When developing new products and innovations, progress is rarely linear. Instead, it follows an “S-curve”. Progress is slow and faltering to begin with as you search for a viable solution to the problem you’re trying to solve. Then, when you hit upon something good, progress is rapid – you grow very quickly. Finally, when you’ve reached the natural limit of what your innovation is capable of, you reach a stage of diminishing returns, where you begin to make slower progress once more.
These three parts of the S-curve call for very different mindsets and measurements. Kent Beck, an early pioneer in agile software development, refers to them as the three Xs: Explore, Expand, and Extract.
The Explore phase involves searching for a viable solution to the problem that you’re trying to solve. That means experimenting, and the only failed experiment is one that doesn’t teach you something. The speed that matters in the Explore phase is the time it takes to go from having an idea to getting measured feedback, and the number of experiments you’re able to perform. Exploration is a volume game: success involves launching lots of low-cost experiments that have little-to-no downside risk – that is, where nothing bad happens if they go wrong – and that cover the problem space you’re dealing with as broadly as possible.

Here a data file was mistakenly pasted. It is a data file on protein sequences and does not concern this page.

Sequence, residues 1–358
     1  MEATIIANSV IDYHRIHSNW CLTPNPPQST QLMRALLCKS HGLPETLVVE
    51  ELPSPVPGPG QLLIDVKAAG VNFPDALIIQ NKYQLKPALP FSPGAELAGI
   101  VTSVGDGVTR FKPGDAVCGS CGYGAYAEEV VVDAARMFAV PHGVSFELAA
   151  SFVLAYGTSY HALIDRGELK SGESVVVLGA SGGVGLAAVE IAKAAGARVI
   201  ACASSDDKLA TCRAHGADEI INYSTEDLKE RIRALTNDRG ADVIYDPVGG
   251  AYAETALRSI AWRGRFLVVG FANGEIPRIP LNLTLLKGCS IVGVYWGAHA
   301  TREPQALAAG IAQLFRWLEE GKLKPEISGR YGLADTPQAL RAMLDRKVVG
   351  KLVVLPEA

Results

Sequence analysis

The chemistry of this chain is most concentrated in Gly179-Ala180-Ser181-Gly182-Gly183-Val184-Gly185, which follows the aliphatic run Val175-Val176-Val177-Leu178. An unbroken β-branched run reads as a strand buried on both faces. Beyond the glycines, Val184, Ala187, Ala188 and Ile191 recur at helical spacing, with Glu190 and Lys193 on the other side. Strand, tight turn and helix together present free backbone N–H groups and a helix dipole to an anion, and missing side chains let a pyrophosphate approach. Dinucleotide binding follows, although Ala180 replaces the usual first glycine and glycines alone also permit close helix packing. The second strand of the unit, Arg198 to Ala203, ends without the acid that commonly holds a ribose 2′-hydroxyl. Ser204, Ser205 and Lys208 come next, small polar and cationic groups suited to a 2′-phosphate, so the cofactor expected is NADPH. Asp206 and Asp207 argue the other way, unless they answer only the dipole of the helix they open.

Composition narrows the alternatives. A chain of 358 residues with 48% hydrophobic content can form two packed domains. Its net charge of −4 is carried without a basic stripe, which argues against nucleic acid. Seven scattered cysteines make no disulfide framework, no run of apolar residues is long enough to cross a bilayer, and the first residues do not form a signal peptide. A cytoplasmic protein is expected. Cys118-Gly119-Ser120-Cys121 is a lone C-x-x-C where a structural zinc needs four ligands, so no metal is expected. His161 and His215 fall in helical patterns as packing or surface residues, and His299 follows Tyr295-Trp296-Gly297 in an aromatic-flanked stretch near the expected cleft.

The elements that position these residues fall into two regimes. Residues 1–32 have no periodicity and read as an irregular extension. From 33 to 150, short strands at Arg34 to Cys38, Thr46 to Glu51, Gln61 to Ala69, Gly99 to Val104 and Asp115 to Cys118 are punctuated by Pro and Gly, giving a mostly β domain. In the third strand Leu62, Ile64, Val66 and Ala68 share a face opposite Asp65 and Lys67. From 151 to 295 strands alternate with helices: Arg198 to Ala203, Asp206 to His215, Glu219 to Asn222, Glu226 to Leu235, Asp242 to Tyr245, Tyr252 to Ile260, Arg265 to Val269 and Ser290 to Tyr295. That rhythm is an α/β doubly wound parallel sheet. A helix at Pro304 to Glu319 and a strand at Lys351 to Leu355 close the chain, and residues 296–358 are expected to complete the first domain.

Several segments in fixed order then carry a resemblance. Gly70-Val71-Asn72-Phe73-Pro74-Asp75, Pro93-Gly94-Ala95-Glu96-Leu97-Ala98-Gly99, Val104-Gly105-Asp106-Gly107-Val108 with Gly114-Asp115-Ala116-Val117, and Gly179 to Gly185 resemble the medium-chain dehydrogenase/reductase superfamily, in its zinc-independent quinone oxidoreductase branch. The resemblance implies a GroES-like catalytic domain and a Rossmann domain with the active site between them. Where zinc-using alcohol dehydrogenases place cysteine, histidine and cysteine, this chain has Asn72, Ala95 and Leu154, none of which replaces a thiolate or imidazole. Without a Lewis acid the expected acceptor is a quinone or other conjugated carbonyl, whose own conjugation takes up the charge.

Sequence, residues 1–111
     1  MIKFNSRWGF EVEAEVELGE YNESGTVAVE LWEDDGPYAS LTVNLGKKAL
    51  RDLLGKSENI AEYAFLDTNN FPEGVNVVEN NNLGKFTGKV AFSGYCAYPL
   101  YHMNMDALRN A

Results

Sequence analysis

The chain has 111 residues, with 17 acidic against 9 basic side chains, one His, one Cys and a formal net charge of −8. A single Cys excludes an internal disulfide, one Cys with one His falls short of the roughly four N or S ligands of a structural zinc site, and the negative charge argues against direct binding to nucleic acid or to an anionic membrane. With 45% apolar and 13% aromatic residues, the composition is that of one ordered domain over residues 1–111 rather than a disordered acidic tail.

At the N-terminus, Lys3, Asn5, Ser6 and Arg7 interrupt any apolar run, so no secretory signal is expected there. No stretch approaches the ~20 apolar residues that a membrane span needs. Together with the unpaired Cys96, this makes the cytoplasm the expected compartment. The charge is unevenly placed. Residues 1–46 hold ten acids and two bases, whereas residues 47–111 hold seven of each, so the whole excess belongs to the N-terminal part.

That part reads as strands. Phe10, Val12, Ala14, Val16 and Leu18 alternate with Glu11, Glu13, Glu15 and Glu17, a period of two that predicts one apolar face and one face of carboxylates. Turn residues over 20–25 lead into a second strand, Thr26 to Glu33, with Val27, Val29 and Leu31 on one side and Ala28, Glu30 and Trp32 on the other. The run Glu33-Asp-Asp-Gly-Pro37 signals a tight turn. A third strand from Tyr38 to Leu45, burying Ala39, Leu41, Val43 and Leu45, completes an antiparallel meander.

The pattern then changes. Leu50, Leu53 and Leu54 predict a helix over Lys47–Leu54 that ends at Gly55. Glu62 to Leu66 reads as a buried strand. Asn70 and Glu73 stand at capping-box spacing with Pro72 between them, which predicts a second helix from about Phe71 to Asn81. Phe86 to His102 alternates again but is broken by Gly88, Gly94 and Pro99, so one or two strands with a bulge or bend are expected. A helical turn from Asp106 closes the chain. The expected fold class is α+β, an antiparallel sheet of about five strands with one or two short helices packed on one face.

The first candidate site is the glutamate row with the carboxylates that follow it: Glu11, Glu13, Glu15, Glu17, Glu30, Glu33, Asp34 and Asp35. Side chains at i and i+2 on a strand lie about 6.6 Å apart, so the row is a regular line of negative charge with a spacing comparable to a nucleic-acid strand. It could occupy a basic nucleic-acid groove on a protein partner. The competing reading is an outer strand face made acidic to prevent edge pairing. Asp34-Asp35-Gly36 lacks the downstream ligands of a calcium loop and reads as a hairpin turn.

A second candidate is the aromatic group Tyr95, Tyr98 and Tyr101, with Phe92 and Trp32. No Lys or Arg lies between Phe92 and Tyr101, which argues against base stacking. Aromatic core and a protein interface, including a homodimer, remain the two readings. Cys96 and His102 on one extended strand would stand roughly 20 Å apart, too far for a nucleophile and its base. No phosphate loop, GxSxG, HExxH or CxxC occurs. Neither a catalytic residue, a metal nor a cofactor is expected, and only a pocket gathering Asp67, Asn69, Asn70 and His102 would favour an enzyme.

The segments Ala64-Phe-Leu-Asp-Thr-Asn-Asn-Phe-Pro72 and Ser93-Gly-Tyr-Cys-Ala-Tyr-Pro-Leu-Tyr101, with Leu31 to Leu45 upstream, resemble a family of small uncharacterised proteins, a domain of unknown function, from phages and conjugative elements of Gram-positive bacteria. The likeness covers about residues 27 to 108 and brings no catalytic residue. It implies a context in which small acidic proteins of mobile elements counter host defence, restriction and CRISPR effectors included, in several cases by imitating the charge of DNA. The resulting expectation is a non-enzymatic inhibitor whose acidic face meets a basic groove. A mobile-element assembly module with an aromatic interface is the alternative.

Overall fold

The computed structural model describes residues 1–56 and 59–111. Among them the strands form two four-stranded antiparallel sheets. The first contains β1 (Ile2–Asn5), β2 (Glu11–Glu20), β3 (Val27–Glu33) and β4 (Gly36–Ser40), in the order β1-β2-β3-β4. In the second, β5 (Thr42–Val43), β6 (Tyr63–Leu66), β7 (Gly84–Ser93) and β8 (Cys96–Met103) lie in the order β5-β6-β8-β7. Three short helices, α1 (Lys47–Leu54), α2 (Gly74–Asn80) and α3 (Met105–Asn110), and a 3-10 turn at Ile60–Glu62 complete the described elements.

You’ll know when you’ve identified a winning idea in the Explore phase. The qualitative nature of the feedback you’re receiving will change. People will get excited about the idea; customers will like it; it will begin to get traction. That’s the cue to move into the Expand phase, where the overwhelming concern is the removal of bottlenecks to scale. When you’re growing, you need to keep growing. If you run into bottlenecks and let them choke your growth, the whole project will fail.
Eventually, the growth slows as you reach the point of diminishing returns. The product you’ve developed might have saturated its natural audience; demand is predictable and sustainable; the low-hanging fruit has been plucked. At this stage, you have a lot to lose, and so success becomes about creating resilience, solidifying processes, moving from on-the-hoof planning to playbooks and checklists.
Contained within these summaries are the ways that they can fail.
First, people fail to move from the Explore phase to the Expand phase. That might be because they fail to spot that they have a winner, ignoring feedback or measuring the wrong things. But it might also be a problem of temperament. There are people who are natural tinkerers and experimenters, who don’t really want to switch out of that mindset and move into a growth phase but instead want to keep experimenting. That’s fine on an individual level, provided there’s someone who is spotting when to move phases, but it’s a disaster if the whole organisation shares that singular mindset.
Second, people fail to identify bottlenecks quickly enough in the Expand phase. Their momentum stalls, they falter, and they end up overtaken by competitors or abandoned by frustrated customers. It takes great flexibility and discipline to be able to identify bottlenecks quickly, swarm to the problem, keep the pace up and move to the next bottleneck. Many organisations, especially larger and more managerially complex ones, fail to foster that flexibility and discipline.